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Canada’s Sarah Nurse keeps up family’s sporting tradition

Watching the nightly sports-wrap broadcasts becomes a bit of a family affair for Sarah Nurse, who will skate for Canada against the United States on Monday in the women’s hockey Rivalry Series game at Save-on-Foods Memorial Centre.
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Sarah Nurse practises with the Canada team at the Save-on-Foods Memorial Centre on Saturday.

Watching the nightly sports-wrap broadcasts becomes a bit of a family affair for Sarah Nurse, who will skate for Canada against the United States on Monday in the women’s hockey Rivalry Series game at Save-on-Foods Memorial Centre.

“I sit and watch SportsCentre and there’s a cousin here and a cousin there and brother there. It’s just another day for us,” said Nurse.

Cousin and two-time NCAA champion with UConn, Kia Nurse, is a standout with the world No. 4 Canadian women’s national basketball team and will try to win a medal at the 2020 Summer Olympics this year in Tokyo to match, perhaps even better, the silver medal Sarah Nurse won in hockey at the Winter Olympics in 2018 at Pyeongchang, South Korea.

Sarah’s cousin Darnell Nurse won gold with Canada at the world juniors and is a defenceman in the NHL with the Edmonton Oilers, while her brother Isaac Nurse plays major-junior with the Hamilton Bulldogs of the Ontario Hockey League. Cousin Tamika Nurse led Canada in under-19 basketball and played in the NCAA for the Oregon Ducks and Bowling Green.

Sarah’s dad, Roger Nurse, played lacrosse and refereed in the NLL and OLA, uncle Richard Nurse was a six-season wide receiver for the Hamilton Tiger-Cats of the CFL and uncle Donovan McNabb quarterbacked the Philadelphia Eagles in the Super Bowl. Aunt Raquel McNabb was a star NCAA basketball player and two-time team MVP at Syracuse University.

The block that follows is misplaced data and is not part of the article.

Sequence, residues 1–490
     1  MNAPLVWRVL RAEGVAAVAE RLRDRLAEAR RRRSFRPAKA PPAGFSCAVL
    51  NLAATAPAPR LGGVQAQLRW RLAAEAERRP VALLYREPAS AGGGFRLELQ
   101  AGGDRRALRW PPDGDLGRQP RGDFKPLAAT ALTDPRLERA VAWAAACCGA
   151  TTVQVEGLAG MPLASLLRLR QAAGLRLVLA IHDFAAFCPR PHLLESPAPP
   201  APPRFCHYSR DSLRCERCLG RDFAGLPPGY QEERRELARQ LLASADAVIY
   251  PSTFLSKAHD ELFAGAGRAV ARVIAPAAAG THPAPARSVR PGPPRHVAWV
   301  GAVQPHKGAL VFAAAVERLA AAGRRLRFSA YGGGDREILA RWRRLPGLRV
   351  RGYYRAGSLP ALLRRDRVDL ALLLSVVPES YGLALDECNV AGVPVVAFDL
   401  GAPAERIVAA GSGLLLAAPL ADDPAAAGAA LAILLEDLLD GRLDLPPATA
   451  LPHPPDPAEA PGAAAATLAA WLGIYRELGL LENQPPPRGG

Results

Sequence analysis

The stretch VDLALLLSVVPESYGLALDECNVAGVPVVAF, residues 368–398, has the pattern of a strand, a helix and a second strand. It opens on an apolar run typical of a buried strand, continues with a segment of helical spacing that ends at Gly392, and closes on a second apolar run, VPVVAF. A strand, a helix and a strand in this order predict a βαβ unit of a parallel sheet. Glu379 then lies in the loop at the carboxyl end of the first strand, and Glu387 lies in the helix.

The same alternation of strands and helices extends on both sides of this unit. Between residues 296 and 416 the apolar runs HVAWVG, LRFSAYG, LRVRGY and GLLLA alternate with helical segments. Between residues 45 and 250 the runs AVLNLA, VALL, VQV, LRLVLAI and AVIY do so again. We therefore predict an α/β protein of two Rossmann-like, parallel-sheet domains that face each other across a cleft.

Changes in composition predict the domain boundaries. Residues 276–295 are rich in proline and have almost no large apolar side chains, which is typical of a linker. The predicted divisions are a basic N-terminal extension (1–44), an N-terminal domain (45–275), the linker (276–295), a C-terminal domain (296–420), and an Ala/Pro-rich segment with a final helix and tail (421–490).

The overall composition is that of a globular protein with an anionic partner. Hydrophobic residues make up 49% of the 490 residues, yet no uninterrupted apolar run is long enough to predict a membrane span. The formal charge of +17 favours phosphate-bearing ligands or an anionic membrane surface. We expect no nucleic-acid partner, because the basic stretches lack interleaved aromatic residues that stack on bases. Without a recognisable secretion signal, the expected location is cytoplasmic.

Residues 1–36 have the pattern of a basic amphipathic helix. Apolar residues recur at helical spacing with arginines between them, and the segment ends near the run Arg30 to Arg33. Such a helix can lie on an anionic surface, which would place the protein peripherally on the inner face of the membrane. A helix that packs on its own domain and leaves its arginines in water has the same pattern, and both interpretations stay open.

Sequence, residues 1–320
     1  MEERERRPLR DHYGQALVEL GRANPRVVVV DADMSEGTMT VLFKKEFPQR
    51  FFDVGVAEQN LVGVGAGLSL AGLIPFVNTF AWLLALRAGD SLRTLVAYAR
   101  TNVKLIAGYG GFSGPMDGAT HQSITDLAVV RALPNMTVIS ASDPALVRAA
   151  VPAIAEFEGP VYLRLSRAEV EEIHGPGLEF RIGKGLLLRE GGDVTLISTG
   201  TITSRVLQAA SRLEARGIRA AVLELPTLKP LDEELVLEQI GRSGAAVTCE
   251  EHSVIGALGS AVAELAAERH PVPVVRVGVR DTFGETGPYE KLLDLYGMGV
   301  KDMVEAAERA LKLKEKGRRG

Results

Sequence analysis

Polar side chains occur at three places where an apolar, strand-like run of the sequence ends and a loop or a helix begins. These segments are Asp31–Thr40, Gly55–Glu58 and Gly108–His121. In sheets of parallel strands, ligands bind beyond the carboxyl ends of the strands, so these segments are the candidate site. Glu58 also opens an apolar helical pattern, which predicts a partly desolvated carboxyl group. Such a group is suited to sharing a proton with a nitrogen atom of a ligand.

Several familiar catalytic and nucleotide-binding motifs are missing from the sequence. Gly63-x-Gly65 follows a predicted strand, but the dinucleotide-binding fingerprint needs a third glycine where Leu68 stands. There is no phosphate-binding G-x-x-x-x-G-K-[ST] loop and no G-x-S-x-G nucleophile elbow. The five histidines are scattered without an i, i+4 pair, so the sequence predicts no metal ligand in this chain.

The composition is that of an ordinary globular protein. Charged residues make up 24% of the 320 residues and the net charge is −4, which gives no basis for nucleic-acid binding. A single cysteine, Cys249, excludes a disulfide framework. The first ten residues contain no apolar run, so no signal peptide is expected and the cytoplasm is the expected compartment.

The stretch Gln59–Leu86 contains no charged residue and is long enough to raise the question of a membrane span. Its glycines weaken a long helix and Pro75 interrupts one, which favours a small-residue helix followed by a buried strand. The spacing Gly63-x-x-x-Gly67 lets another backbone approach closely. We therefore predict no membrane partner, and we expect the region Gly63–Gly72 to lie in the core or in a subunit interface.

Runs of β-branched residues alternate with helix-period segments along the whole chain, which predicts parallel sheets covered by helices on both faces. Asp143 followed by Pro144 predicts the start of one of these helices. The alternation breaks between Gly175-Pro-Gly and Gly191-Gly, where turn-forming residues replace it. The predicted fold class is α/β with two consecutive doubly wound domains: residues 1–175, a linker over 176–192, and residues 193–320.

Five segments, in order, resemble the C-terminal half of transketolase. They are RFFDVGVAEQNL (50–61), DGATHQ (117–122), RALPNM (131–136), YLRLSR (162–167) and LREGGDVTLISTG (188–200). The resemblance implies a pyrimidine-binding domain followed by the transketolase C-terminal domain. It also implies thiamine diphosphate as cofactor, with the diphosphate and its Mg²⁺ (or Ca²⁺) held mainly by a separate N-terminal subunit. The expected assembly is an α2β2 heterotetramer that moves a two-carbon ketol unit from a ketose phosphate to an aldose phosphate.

“I’m proud of my family, and I know my grandma is, too,” said Sarah Nurse.

“We were blessed with skills. But it also took a lot of hard work.”

Sarah Nurse and her Canadian teammates lost the first two games of the Rivalry Series to the Americans in December — 4-1 in Hartford, Connecticut, and 2-1 in Moncton, N.B. — and must sweep the remaining three games Monday at the Memorial Centre, Wednesday at Rogers Arena in Vancouver and Feb. 8 in Anaheim, California, in order to win the series.

Micah Zandee-Hart of Saanichton, the lone B.C. player on the Canadian team, played in the first two games, but won’t be available for the remaining games of the series because of schooling and NCAA commitments at Cornell University.

The Rivalry Series is compelling because most Olympic finals and world championships in women’s hockey have come down to the U.S. and Canada, with the Americans having the upper hand in the majority of recent events.

“It’s a fierce rivalry,” said Nurse, a tenacious five-foot-eight forward.

“We relish the competition against the Americans. Both teams bring it every time they meet.”

It will be no different Monday night on Blanshard.

Meanwhile, while cousin Kia Nurse plays pro hoops in the WNBA, that is the sort of opportunity so far denied female hockey players. But they are heartened by recent talk of a possible WNHL.

“It’s incredibly important,” said Sarah Nurse.

“We have built up girls’ hockey at the youth level and you can go to play in college,” said the NCAA University of Wisconsin Badgers graduate.

“But where from there?”

Women drop out of hockey, Nurse noted, if they don’t make their national team. If they see a pro club opportunity, they wouldn’t drop out of the sport in their prime.

“But pro is not an option right now. I hope that it will become one,” she said.

Maybe pro hockey will become an opportunity for the Island girls’ players who took part in a youth clinic conducted by the Canadian team players Saturday at the Memorial Centre.

It is that demographic of young, female players that has assured Monday night’s Canada-U.S. fixture is a sellout.

“It’s amazing to have so many young girl players around,” said Canadian forward Natalie Spooner, who won a Winter Olympics gold medal at Sochi 2014 and an Olympic silver at Pyeongchang 2018.

“I hope we can inspire them. It’s so cool it is sold out. This crowd in Victoria is going to be amazing.”

ICE CHIPS: Canada last month replaced head coach Perry Pearn with assistant Troy Ryan, who will be bench boss Monday in Victoria with the 2020 world championships in Nova Scotia looming this spring and the 2022 Beijing Winter Olympics slowly rounding into view.

Ryan is being mentored by former University of Victoria Vikes basketball coaching legend Ken Shields as part of the Own the Podium coaching mentorship program.

“It has been awesome to pick Ken Shields’ brain. He has such a winning mentality,” said Ryan, who has been meeting with Canadian Sports Hall of Famer Shields all week.

“Ken has the right mix of old school and modern vision and way of thinking.”

About a lightning-rod recent issue in coaching, Ryan added: “Ken has taught me you can push people to be better but that it’s all about building relationships and trust with them.”

cdheensaw@timescolonist.com